Friday, October 31, 2014 Headlines & Global News

Medical Students Could Soon 'Fast Track' Education in California

By Rebekah Marcarelli r.marcarelli@hngn.com | Aug 07, 2014 04:57 PM EDT

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Do outpatient urology programs increase death risk? (Photo : Getty Images)

Select doctors living in the state of California could soon be allowed to practice after only three years of medical school, instead of the standard four.

The accelerated curriculum would allow some students to save $60,000 on their educations, NPR reported.

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"I thought, 'Oh man, you want me to put the intensity and stress that is medical school in four years, you want me to condense it down to three years. I'm not sure about that," student Ngabo Nzigira, who is in his sixth week of medical school and is already interacting with patients, told NPR.

The curriculum also eliminates "summer vacations, electives and the residency search" in hopes of getting primary care physicians out into the field as soon as possible.

"There's a huge problem, a huge shortage of primary care physicians," Doctor Tonya Fancher, director of the program, called Accelerated Competency-based Education in Primary Care, told NPR.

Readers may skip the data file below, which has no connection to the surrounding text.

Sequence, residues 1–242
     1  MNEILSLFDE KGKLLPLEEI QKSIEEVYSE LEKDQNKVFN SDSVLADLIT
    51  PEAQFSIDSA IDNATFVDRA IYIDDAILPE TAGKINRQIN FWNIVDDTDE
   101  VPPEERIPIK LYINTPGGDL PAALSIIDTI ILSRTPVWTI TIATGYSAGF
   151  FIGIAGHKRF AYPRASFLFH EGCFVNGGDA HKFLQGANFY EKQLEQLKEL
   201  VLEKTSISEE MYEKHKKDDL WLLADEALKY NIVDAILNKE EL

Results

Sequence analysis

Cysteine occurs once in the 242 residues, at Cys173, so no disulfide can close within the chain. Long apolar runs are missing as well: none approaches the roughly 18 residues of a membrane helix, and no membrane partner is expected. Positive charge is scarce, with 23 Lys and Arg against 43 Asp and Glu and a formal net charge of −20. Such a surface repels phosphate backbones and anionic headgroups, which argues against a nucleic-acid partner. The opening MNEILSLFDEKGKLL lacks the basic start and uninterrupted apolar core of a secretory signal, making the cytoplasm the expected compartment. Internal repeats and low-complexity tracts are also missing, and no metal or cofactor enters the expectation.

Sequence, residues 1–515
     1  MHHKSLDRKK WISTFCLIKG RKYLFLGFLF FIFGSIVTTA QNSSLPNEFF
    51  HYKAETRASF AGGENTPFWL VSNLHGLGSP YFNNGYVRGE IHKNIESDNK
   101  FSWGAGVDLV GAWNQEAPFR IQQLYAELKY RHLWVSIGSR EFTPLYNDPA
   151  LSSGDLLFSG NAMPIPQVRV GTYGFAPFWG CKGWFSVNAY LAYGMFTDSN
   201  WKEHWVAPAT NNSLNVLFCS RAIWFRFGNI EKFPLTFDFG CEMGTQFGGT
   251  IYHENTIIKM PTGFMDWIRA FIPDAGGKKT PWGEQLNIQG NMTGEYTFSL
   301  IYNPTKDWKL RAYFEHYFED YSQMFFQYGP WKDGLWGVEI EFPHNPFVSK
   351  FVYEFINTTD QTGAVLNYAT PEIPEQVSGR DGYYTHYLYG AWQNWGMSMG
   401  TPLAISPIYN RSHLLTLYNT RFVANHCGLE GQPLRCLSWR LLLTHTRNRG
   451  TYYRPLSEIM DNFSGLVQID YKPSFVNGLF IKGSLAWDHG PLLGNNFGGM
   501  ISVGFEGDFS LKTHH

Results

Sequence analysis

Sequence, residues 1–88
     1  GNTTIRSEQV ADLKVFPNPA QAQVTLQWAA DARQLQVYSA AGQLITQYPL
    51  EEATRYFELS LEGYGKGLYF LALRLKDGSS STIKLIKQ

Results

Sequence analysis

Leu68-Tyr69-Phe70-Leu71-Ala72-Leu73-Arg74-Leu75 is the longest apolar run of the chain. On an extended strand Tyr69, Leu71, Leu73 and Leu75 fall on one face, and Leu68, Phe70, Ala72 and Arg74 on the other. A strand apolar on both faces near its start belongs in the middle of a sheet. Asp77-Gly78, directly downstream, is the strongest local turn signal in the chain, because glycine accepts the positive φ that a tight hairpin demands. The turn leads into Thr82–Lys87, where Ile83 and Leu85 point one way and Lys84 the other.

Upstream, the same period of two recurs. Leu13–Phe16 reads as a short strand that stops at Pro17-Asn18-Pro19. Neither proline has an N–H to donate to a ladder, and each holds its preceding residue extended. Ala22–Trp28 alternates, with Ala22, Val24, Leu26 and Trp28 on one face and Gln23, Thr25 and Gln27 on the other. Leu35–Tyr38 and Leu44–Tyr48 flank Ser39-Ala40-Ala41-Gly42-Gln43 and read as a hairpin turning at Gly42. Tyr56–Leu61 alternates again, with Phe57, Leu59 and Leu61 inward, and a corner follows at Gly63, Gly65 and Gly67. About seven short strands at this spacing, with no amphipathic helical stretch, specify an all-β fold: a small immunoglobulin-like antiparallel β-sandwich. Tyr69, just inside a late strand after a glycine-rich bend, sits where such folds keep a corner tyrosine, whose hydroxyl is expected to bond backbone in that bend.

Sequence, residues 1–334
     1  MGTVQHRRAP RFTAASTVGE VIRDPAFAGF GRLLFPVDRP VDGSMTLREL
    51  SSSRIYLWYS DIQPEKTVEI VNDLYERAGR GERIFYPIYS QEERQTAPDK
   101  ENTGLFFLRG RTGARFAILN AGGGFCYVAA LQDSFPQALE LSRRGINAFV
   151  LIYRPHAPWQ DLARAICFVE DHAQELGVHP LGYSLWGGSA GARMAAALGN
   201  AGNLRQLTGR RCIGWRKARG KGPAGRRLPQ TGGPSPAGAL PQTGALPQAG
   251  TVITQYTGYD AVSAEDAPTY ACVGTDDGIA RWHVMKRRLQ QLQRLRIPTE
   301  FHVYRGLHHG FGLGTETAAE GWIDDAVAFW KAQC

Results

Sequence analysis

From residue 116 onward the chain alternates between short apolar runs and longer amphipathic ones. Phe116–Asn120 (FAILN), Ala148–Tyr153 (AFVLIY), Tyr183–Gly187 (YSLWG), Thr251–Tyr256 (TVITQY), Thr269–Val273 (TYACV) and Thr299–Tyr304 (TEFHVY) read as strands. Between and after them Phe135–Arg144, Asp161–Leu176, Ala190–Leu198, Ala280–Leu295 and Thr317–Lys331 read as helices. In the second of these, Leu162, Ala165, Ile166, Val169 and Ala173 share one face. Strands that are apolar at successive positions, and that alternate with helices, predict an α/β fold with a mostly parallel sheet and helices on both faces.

The long and grueling medical programs could also be crushing students' passion.

"Students come into medical school and they're passionate about patients, passionate about primary care, and then that wanes over time," Fancher said. "Part of it is the debt that they accrue, and part of it is the models of primary care that they're exposed to."

The curriculum will be available at UC Davis; Georgia, Texas, and New York. A report published in the journal JAMA suggests students can have a quicker and more efficient education without compromising quality of care.

Angela Woodard doesn't believe a faster education will have much of an effect on quality of care.

"There's already consequences on quality of care. So them going to school for a shorter time is not going to make it any worse," she told NPR.

Patient Joe King also agrees with the track "as long as they maintain the same criteria of standards that primary care doctors have to meet."

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